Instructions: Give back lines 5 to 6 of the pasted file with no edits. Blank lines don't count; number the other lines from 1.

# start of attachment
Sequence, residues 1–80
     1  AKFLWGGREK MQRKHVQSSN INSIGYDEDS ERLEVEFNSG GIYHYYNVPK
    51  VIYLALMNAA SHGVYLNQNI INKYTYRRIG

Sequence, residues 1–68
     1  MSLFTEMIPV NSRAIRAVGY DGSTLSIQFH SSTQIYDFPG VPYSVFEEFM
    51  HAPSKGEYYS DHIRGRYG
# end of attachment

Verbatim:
     1  MSLFTEMIPV NSRAIRAVGY DGSTLSIQFH SSTQIYDFPG VPYSVFEEFM
    51  HAPSKGEYYS DHIRGRYG